In this series introducing PTC to the world, we have looked at the purpose and the background of PTC. In this post and the next, the goal is to share a bit about how PTC plans to train the pastors and church leaders. This two-part post is meant to cover the information in some detail while limiting the overall length of each post. Part 2 will be posted next week.
First, PTC plans to partner with others who are like-minded in their desire to help individuals understand the gospel and how to share it with others. PTC intends to work with individuals, churches, mission organizations, etc. to develop a pool of people who will help to train others. Of course, this takes money, but not as much as one might think, and that is where PTC hopes to really make a difference. More will be said about this in Part 2.
Secondly, PTC plans to partner with individuals who would like to commit to financially supporting our ministry (again, more details in Part 2). As with any organization we will have expenses and will need to find donors to cover these costs. (At present we are still awaiting our 501(c)3 approval.) While we intend to keep our expenses as low as possible, our goal of training individuals around the world means our costs will continue to grow as our opportunities expand. But again, the costs may not be as much as one would think. How do we plan to minimize costs? Read on.
The majority of the training PTC will provide will be over the web. This effort will require three major aspects – curriculum, equipment, and personnel. The picture of gears represents each of these aspects and the importance of them working correctly together. I will cover curriculum and equipment below with personnel being covered in the next post.
Initially, PTC considered developing the required curriculum, but what is more important is for us to serve as a resource to direct the training and to provide pastors with the ability to interact with a human to ask questions about the material. PTC is already working with a couple of organizations which will serve as the source for most of the curriculum needs we have at this time. This curriculum will be made available for free to the pastors and church leaders in each of the locations PTC serves. Thus, the cost for PTC is nominal compared to the benefit we receive, and more importantly, the benefit provided for others around the world. In addition to the free curriculum, PTC also plans to make a small, theologically-based library available at each location (eight to ten books total, covering theology, church history, an single-volume commentary, etc.). Of course, translation issues will present a problem over time, but thankfully we have yet to encounter any significant issues regarding the need for translation.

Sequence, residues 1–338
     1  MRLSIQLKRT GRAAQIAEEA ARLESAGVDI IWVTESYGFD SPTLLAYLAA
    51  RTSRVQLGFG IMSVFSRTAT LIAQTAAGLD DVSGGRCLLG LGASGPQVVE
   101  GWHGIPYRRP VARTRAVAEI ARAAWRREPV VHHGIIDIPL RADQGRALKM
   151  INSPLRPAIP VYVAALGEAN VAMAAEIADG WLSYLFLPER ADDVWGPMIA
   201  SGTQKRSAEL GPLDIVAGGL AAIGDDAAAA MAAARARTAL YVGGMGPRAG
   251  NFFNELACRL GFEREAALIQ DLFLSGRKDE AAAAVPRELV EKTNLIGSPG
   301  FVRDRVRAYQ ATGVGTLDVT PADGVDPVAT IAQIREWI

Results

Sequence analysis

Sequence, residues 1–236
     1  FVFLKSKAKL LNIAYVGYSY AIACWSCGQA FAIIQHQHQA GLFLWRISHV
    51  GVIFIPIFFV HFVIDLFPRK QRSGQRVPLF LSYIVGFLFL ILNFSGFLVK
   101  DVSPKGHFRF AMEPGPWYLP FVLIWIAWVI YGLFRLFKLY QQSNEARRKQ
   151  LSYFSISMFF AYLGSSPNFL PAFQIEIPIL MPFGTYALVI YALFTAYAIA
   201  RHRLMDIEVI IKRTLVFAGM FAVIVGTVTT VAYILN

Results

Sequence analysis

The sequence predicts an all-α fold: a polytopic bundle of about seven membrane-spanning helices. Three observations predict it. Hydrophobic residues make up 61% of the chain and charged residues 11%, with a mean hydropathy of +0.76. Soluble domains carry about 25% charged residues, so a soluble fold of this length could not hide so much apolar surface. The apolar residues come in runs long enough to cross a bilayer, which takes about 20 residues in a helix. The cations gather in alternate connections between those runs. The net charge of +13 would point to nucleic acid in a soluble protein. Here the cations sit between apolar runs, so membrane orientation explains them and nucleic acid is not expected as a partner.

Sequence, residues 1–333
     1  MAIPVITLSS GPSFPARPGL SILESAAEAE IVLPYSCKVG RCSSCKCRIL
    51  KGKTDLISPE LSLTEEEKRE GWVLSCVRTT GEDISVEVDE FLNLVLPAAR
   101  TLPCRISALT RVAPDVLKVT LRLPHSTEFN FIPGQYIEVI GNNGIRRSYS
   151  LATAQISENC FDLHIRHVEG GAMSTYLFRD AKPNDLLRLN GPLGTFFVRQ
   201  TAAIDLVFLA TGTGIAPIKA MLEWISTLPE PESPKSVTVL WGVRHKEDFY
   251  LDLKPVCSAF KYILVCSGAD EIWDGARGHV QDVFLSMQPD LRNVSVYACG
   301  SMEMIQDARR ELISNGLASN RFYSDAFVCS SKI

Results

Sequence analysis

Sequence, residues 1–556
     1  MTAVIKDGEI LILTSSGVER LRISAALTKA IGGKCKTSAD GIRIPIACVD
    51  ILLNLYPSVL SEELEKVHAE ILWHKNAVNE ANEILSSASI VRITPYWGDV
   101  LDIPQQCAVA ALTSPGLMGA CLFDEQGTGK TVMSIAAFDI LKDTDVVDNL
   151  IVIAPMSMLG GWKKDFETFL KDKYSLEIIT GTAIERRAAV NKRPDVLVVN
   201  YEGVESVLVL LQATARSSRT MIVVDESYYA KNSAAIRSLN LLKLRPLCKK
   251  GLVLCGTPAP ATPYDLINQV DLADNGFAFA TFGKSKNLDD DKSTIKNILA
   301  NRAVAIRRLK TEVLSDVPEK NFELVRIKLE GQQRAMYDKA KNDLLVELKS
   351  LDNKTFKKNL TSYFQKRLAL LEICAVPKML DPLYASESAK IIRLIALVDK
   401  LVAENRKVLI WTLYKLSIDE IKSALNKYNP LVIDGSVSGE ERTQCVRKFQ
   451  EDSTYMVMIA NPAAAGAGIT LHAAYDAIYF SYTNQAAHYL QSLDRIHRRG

PTC will incur a moderate expense to allow the various locations to interact with a trainer who is elsewhere. The goal here is for someone who has a relationship with a church, mission, or individual in a certain location to do (or set up) a training opportunity in a particular location. PTC will then coordinate the arrangements to have equipment sent to that location. Ideally, the equipment can be set up while the person or mission team is on location (with instructions left on how to the indigenous leaders can set it up themselves) to allow for future training opportunities online. The equipment will include an internet-ready laptop (like a Chromebook), a printer, a projector (so many pastors can be present simultaneously and see the trainer easily), and some peripherals to make the training experience better (i.e. small speakers so the trainer’s voice can be properly amplified to a room). The equipment (and library, above) is a one-time expense, but is required to make the training possible. Of course, the ability to have internet will be required, but if the technology is available, PTC will work to provide it. That part of the financial aspect and the need for people – as givers and trainers – will be the content of Part 2.